return 0;

Below is another snippet of syntax highlighted C++ code:

// Create "windowCount" Window objects:
int windowCount = 10;
Window **windows = new Window *[max];
for (int i = 0; i < windowCount; ++i) {
    windows[i] = new Window();

In the C++ example, the editor has recognized the keywords int, new, and for. The comment at the beginning is also highlighted in a specific manner to distinguish it from working code.

History and limitations[edit]

The ideas of syntax highlighting overlap significantly with those of syntax-directed editors. One of the first such editor for code was Wilfred Hansen's 1969 code editor, Emily.[2][3] It provided advanced language-independent code completion facilities, and unlike modern editors with syntax highlighting, actually made it impossible to create syntactically incorrect programs.

Other editors followed, for example, on microcomputers, MacPascal 1.0 (October 10, 1985) recognized Pascal syntax as it was typed and used font changes (e.g., bold for keywords) to highlight syntax and automatically indented code to match its structure.[4] Ben Shneiderman suggests "color coding of text strings to suggest meaning".[5]

The Live Parsing Editor (LEXX) was written for the VM operating system for the computerization of the Oxford English Dictionary in 1985 and was one of the first to use color syntax highlighting. Its live parsing capability allowed user-supplied parsers to be added to the editor, for text, programs, data file, etc. See: LEXX – A programmable structured editor, Cowlishaw, M. F., IBM Journal of Research and Development, Vol 31, No. 1, 1987, IBM Reprint order number G322-0151

Many text editors and code formatting tools perform syntax highlighting using pattern matching heuristics (e.g. RegularExpression) rather than implementing a parser for each possible language[citation needed]. This can result in some text rendering systems' syntax highlighting being somewhat inaccurate and, in some cases, can perform slowly. Some text editors overcome this problem by not always parsing the whole file but rather just the visible area, sometimes scanning backwards in the text up to a limited number of lines for "syncing".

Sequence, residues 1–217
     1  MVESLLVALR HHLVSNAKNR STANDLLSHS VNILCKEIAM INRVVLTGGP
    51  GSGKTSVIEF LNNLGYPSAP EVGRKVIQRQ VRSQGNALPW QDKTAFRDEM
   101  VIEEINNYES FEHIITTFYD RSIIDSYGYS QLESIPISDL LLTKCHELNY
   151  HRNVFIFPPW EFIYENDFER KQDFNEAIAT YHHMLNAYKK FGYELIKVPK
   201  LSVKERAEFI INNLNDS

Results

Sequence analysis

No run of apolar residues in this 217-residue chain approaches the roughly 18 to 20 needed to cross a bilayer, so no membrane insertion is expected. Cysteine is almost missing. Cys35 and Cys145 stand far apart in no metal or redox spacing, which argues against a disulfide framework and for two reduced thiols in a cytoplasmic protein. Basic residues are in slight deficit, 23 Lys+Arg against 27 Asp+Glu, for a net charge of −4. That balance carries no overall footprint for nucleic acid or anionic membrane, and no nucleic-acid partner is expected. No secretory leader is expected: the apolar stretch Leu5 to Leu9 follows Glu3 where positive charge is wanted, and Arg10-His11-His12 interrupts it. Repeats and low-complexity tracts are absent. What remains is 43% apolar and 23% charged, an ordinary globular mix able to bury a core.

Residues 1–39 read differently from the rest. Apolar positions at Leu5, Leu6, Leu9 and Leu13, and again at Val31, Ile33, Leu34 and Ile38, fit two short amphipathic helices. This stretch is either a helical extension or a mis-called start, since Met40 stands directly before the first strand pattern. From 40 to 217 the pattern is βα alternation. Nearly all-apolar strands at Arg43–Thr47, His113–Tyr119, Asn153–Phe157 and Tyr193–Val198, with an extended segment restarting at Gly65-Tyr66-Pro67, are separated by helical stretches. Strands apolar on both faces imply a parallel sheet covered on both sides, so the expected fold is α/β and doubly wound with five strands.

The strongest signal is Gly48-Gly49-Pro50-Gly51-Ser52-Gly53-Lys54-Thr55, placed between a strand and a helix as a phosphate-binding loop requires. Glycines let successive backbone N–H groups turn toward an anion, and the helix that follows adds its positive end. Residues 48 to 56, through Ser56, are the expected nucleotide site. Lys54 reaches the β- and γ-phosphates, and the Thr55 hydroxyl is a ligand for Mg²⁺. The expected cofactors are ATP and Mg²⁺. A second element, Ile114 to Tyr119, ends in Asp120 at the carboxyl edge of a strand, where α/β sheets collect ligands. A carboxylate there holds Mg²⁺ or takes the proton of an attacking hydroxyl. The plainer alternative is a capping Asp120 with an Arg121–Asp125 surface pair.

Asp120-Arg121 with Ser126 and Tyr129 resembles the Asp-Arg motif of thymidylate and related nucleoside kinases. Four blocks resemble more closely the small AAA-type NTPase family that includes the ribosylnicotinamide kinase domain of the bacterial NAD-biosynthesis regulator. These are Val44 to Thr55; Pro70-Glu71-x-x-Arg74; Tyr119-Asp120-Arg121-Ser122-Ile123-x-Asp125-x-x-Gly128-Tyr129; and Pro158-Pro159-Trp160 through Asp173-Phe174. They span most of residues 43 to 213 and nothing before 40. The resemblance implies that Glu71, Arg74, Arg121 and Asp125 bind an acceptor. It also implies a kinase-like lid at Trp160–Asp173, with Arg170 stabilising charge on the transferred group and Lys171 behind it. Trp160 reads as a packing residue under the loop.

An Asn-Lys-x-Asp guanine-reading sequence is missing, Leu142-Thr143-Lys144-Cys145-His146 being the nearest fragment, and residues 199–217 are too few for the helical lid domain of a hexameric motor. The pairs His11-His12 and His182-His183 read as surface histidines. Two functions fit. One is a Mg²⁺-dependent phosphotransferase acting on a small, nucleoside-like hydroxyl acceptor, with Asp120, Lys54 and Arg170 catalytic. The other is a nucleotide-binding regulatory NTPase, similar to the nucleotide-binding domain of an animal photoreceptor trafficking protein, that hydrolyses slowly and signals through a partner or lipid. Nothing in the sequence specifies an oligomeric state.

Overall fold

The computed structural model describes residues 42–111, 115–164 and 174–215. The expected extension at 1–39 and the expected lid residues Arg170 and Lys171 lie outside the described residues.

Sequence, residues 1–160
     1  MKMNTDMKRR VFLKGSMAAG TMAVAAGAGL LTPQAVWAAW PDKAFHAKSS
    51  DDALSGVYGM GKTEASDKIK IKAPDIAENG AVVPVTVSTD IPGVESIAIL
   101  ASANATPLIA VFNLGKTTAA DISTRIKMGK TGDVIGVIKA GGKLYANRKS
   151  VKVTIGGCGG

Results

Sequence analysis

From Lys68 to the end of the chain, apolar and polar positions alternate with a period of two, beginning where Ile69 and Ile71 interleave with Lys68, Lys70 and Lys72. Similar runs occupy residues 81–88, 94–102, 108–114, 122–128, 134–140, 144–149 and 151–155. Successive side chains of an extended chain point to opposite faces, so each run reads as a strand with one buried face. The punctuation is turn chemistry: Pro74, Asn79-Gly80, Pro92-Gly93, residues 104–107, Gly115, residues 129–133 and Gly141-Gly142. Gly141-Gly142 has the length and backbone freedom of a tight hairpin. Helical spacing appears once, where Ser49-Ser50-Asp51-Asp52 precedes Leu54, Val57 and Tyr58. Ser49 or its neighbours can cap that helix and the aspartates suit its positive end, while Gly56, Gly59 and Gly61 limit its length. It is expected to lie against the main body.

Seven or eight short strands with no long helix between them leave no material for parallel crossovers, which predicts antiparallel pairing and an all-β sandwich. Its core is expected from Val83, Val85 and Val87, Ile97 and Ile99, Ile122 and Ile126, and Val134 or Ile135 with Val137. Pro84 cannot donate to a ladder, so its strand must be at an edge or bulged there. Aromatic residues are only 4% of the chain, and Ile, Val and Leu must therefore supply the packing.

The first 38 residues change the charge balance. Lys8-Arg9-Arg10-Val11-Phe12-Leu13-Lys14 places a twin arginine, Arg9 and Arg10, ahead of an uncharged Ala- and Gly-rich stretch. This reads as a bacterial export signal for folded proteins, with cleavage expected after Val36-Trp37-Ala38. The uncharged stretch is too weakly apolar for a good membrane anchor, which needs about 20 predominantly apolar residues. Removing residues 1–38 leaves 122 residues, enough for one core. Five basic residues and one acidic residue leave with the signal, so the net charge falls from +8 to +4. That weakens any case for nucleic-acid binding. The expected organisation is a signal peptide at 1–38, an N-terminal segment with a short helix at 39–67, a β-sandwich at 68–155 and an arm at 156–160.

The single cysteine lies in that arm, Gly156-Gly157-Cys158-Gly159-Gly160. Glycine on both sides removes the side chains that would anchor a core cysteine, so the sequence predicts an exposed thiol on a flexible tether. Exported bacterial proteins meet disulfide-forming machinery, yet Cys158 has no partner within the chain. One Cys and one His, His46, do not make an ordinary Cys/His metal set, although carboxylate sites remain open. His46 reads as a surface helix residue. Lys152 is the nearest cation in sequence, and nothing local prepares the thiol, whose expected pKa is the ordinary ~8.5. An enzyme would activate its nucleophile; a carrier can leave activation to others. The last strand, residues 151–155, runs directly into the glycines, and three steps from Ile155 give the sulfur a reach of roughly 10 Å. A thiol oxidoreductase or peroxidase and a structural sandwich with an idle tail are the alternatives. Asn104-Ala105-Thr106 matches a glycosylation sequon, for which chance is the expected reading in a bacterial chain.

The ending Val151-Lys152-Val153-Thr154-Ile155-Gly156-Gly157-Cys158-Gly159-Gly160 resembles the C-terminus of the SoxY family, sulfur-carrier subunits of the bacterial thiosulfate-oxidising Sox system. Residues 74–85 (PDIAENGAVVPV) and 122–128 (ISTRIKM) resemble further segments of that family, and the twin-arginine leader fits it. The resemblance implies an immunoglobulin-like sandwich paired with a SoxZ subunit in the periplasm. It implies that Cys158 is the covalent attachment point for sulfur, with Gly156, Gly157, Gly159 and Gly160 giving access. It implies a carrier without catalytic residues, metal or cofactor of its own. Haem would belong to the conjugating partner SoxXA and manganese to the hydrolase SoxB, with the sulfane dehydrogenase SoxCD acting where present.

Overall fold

However, some modern, language-specific IDEs (in contrast to text editors) perform full language parsing which results in very accurate and high-performance syntax highlighting.

See the Programming features section of the Comparison of text editors article for a list of some editors that have syntax highlighting.

Syntax highlighting engines[edit]

There are several syntax highlighting libraries or "engines" that can be used in other applications, but are not complete programs in themselves. Some examples are listed below.

See also[edit]


  1. ^ See e.g., The Java Developer's Guide to Eclipse By Jim D'Anjou, Sherry Shavor, Scott Fairbrother, Dan Kehn, John Kellerman, Pat McCarthy Published by Addison-Wesley, 2004 ISBN 0-321-30502-7, ISBN 978-0-321-30502-2 1136 pages
  2. ^ Hansen, Wilfred J. (1971). "User engineering principles for interactive systems". Proceedings of the Fall Joint Computer Conference FJCC 39. AFIPS. pp. 5623–532. 
  3. ^ Hansen, Wilfred. "Emily - An Editor for Structured Text". Retrieved 17 June 2013. 
  4. ^ Allen, Dan (2011-10-10). "A Trio of Historical Recollections". mpw-dev mailing list. Retrieved 11 March, 2012.
  5. ^ Shneiderman, Ben (1985). "". In H. Rex Hartson. Advances in human-computer interaction (2. print. ed.). Norwood, N.J.: Ablex. p. 122. ISBN 0893912441. 
  6. ^
  7. ^
  8. ^
  9. ^ "GtkSourceView home page".